From Common’s 2000 album Like Water for Chocolate, the track “The Light” samples the song “Open Your Eyes” and “You’re Gettin’ a Little Too Smart.” There is a steady and driving beat, and the lyrics are a love letter to his girlfriend.

“Swagga Like Us” by T.I. & Jay-Z (featuring Kanye West & Lil Wayne)

Song Year: 2008

The song “Swagga Like Us” features many artists, including an opening sample by M.I.A. that sounds like it could come from her song “Paper Planes.” While the critics gave this track mixed reviews, the general population liked the song, which peaked at number 5 on the Billboard Hot 100.

“Hot in Herre” by Nelly

Song Year: 2002

If you were in middle or high school during the early 2000s, there is almost no chance you do not know Nelly’s “Hot In Herre.” Released on the 2002 album Nellyville, the song did well on charts worldwide and peaked at number 1 on the Billboard Hot 100.

“Dr. Carter” by Lil Wayne

Song Year: 2008

Released in 2008 on the album Tha Carter III, this Lil Wayne track plays on the idea that the rapper is a doctor trying to help other rappers who are not making good music and need help.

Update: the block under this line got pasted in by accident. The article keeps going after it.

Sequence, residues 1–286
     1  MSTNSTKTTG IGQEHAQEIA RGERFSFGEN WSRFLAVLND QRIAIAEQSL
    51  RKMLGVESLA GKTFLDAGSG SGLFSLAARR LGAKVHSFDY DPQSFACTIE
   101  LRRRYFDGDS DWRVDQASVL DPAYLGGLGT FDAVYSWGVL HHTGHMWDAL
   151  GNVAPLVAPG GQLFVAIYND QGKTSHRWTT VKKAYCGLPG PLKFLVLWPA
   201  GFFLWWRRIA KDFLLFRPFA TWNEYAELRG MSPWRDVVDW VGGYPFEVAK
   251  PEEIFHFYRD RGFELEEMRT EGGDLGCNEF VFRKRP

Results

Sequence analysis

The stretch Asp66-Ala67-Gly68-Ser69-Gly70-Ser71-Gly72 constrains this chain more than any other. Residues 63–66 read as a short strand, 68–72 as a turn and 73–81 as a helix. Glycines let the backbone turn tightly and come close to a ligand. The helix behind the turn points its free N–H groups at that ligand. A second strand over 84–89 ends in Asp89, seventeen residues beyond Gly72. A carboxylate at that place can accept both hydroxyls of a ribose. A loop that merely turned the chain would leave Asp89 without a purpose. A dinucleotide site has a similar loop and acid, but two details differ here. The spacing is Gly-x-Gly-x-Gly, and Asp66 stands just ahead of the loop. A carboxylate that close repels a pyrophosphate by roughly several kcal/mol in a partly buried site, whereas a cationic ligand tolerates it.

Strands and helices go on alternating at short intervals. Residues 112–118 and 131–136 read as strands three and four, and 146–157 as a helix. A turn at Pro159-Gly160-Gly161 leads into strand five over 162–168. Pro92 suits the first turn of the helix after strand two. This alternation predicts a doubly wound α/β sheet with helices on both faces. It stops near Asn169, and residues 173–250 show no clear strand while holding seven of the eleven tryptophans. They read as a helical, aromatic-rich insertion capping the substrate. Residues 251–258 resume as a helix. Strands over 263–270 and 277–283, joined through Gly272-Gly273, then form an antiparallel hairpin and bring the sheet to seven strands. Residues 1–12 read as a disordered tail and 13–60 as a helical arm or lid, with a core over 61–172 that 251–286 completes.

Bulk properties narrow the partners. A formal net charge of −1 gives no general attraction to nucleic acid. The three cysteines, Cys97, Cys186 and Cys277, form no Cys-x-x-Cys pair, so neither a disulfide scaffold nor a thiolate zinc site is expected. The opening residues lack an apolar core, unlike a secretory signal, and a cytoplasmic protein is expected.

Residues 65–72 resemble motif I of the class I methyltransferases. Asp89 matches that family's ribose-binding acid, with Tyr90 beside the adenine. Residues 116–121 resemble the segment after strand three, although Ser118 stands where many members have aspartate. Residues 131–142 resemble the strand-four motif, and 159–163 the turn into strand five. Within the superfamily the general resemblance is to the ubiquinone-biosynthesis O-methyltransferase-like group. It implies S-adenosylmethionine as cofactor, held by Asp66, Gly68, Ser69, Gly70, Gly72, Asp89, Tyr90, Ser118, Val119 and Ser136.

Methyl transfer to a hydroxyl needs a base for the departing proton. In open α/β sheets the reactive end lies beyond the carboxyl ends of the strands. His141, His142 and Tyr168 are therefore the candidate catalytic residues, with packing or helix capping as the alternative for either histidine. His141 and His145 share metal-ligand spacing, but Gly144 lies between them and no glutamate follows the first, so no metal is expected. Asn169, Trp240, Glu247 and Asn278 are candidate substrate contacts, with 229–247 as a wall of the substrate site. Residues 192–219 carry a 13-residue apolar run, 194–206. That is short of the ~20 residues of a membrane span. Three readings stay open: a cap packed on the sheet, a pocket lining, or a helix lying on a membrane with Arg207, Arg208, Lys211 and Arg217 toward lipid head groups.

“Dance With the Devil” by Immortal Technique

Song Year: 2001

Immortal Technique released the song “Dance with the Devil” in 2001 on the album Revolutionary Vol. 1, and the musical style captures the underground hip hop scene. The track samples the piano from Henry Mancini’s “Theme From Love Story.”

“Empire State of Mind” by Jay-Z (featuring Alicia Keys)

Song Year: 2009

Jay-Z’s “Empire State of Mind,” which features singing and piano by Alicia Keys, likely needs no introduction. From the 2009 album The Blueprint 3, this song rivals Frank Sinatra’s “New York New York” for the role of New York City’s musical anthem.

“Drop It Like It’s Hot” by Snoop Dogg (featuring Pharrell Williams)

Song Year: 2004

Even those who are not fans of Snoop Dogg have probably found themselves singing “Drop It Like It’s Hot.” Released in 2004 and featuring Pharrell Williams, this track held the number 1 spot on the Billboard Hot 100 for three weeks.